Litchfield Law School

Litchfield Law School

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The Litchfield Law School of Litchfield, Connecticut
Litchfield, Connecticut
Litchfield is a town in and former county seat of Litchfield County, Connecticut, United States, and is known as an affluent summer resort. The population was 8,316 at the 2000 census. The boroughs of Bantam and Litchfield are located within the town...

, was the first formal school offering training for the legal profession in the United States. It was established in 1784 by Tapping Reeve
Tapping Reeve
Tapping Reeve was an American lawyer and law educator. In 1784, he opened the Litchfield Law School in Litchfield, Connecticut, the first school to offer a comprehensive legal curriculum in the United States....

, who would later became the Chief Justice of the Connecticut Supreme Court
Connecticut Supreme Court
The Connecticut Supreme Court, formerly known as the Connecticut Supreme Court of Errors, is the highest court in the U.S. state of Connecticut. It consists of a Chief Justice and six Associate Justices. The seven justices sit in Hartford, across the street from the Connecticut State Capitol...

. By the time the school closed in 1833, over 1,100 young men from throughout the country had attended, many of whom went on to have an amazing influence on political, economic and legal developments of the ante-bellum period. Some of the school's most notable students include John C. Calhoun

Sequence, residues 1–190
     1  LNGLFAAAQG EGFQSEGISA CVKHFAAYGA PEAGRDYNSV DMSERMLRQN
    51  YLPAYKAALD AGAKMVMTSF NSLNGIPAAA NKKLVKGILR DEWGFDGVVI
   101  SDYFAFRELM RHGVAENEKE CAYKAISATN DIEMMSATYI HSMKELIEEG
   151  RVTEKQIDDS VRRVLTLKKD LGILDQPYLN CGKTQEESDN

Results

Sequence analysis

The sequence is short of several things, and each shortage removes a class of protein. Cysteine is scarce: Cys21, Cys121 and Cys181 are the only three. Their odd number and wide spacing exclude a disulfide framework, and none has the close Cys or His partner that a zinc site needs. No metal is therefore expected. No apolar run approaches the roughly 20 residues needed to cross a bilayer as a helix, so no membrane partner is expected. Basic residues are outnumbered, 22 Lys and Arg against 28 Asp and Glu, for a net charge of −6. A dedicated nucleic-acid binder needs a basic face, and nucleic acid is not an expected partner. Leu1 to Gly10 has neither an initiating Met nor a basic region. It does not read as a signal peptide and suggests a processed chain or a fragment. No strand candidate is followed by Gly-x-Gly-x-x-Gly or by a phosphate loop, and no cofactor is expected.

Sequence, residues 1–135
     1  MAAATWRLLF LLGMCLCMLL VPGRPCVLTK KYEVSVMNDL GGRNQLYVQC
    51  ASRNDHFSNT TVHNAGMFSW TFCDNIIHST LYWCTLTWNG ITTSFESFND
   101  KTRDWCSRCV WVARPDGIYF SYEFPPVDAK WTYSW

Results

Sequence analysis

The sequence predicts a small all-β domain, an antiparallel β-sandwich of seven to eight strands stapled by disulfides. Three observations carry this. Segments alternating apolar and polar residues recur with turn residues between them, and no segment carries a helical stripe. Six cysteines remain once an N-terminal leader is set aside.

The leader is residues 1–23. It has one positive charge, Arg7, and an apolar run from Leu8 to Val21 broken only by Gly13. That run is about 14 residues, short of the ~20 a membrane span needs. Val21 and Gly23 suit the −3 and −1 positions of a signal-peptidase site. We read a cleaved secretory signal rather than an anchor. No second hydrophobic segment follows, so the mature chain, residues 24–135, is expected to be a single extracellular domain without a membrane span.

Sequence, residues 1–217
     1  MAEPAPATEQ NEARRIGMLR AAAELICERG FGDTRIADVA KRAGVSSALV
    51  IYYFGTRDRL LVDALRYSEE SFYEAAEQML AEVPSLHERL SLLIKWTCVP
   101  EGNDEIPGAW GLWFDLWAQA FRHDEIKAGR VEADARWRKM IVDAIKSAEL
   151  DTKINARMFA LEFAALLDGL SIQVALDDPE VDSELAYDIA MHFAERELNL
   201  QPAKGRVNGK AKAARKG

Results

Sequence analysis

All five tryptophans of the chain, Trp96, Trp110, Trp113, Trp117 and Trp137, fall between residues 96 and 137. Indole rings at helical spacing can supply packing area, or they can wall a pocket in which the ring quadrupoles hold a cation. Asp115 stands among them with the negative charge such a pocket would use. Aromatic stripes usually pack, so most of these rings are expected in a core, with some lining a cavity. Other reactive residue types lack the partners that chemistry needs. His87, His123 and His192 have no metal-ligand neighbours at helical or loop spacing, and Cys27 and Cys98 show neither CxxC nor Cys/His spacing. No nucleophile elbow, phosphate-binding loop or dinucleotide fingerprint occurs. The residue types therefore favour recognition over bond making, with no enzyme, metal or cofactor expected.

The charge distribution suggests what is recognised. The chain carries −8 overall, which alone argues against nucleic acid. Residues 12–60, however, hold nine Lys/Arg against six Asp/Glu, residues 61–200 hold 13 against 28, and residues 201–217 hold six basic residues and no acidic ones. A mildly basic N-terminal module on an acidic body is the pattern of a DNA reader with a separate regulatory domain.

John C. Calhoun
John Caldwell Calhoun was a leading politician and political theorist from South Carolina during the first half of the 19th century. Calhoun eloquently spoke out on every issue of his day, but often changed positions. Calhoun began his political career as a nationalist, modernizer, and proponent...

 and Aaron Burr
Aaron Burr
Aaron Burr, Jr. was an important political figure in the early history of the United States of America. After serving as a Continental Army officer in the Revolutionary War, Burr became a successful lawyer and politician...

.